Delayed Olympics to accelerate Aussie star’s pro career
Gold medal hopeful Justis Huni has the option of turning professional in heavyweight boxing and still competing at the Tokyo Games.
Australia's best boxing prospect for many years, Huni is determined to pursue his dream of winning the nation's first boxing gold in Japan after the IOC announced the Games would be postponed until 2021 due to the coronavirus.
A loophole allows Olympic hopefuls to have up to 10 professional fights and still compete at the Games, and Huni will pursue this option if the Tokyo Olympics is pushed back beyond 2021.
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"I'm still going to focus on the Olympics, regardless of the situation," Huni told The Daily Telegraph.
"I'll leave that to my coach and management, they'll figure all of that out."
Huni's manager, Mick Francis of Tasman Fighters, said his 20-year-old prodigy will look to the professional arena if the Olympics are postponed beyond next year.
"There is a possibility that the Olympics may be postponed for two years, and if that is the case we will look at having three or four professional fights," Francis said.
"If it happens this time next year then there will be no need to explore professional bouts, because they can't be held through this time either.
"But if there is another delay of the Olympics to 2022, then we've got a Plan B and we'll explore it."
The man who defeated Huni in the final of the Olympic qualifiers three weeks ago, 201cm Uzbekistan giant Bakhodir Jalolov, has already fought six professional bouts since 2018.
Jalolov and Huni will be tipped to meet in the gold medal fight in Tokyo.
Jalolov, 25, has been switching between professional and amateur fighting to keep his gold medal dream alive while building his brand in the United States, where he has now relocated after signing a deal with promoter Lou Di Bella.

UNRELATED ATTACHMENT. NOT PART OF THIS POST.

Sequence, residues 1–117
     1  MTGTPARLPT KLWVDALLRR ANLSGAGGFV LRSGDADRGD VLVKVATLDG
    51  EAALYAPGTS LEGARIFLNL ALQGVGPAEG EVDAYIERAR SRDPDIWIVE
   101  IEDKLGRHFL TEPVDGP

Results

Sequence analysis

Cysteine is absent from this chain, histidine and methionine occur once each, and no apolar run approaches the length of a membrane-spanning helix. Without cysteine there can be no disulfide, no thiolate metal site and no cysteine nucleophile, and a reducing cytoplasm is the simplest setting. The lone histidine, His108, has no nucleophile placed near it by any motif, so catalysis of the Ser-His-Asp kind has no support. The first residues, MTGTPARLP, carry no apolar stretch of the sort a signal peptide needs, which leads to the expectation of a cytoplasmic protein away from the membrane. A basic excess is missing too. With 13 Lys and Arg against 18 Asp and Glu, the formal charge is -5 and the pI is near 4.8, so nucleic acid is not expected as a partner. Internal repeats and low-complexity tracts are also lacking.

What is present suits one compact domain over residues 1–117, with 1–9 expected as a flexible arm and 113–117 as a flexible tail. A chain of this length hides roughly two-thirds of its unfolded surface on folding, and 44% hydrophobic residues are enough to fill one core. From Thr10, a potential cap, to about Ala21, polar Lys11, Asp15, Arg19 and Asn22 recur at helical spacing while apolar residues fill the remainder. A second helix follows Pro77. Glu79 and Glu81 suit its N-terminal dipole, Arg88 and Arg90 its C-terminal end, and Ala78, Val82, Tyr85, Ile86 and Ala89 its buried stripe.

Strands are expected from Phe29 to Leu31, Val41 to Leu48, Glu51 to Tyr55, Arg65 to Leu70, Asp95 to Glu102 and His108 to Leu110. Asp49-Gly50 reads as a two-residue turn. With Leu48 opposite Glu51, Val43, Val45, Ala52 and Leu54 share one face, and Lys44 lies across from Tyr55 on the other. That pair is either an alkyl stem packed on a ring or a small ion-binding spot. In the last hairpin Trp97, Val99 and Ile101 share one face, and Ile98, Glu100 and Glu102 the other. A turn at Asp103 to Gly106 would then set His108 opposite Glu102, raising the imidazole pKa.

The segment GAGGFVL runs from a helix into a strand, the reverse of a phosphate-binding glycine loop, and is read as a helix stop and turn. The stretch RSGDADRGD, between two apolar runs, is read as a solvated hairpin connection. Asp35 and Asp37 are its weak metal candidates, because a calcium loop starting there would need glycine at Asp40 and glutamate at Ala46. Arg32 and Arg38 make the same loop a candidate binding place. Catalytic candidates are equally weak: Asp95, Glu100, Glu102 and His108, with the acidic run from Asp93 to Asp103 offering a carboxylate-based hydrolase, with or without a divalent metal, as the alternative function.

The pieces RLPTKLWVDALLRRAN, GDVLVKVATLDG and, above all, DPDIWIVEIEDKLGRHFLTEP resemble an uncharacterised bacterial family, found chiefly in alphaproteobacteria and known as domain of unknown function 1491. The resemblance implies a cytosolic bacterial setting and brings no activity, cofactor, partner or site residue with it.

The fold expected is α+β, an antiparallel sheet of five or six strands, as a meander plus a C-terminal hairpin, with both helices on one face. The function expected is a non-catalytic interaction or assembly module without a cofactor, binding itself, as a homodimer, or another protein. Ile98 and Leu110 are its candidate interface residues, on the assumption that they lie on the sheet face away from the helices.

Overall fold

Huni makes no secret of his own ambition in the sweet science: "To be an Olympic gold medallist, and to be the professional heavyweight champion of the world."
The prospect of winning the gold medal is on Huni's mind every day.
"It'll change my life, my family's life," Huni said.
"I don't know how I'd handle it, but when that time does come a lot of things will change in my life in a positive way, I'll be really happy and it will feel like all the hard work I've put in will have paid off."
After returning to Brisbane from the qualifiers in Jordan, Huni had to self isolate after showing symptoms of the virus, but his test came back negative.
"Coming back from the qualifiers I had a little cough so I was worried, once I got my test results back and it was negative I was relieved," he said.
He's since resumed his daily 5am training regime.
"I've still got a lot to work on, coming back from the qualifiers, I felt I could have done a lot better," said Huni, who is training in a makeshift gym in the garage of his childhood home.
"All the equipment in here, I've pretty much had since day dot.
"I've got a new boxing bag but everything else here is old school, a tyre, a sledgehammer, everything we need to do hard sessions to toughen me up a little bit.
"So it's back to basics, keep focusing on what I need to work on.
"My old man (Rocki), my coach, has a lot of things he feels I need to work on, so I'll get back to gym.
"I'll be able to readjust, I've got things to work on anyway so if anything it's better for me.
"By the time the Olympics come around, I'll be ready."
Originally published as Delayed Olympics to accelerate Aussie star's pro career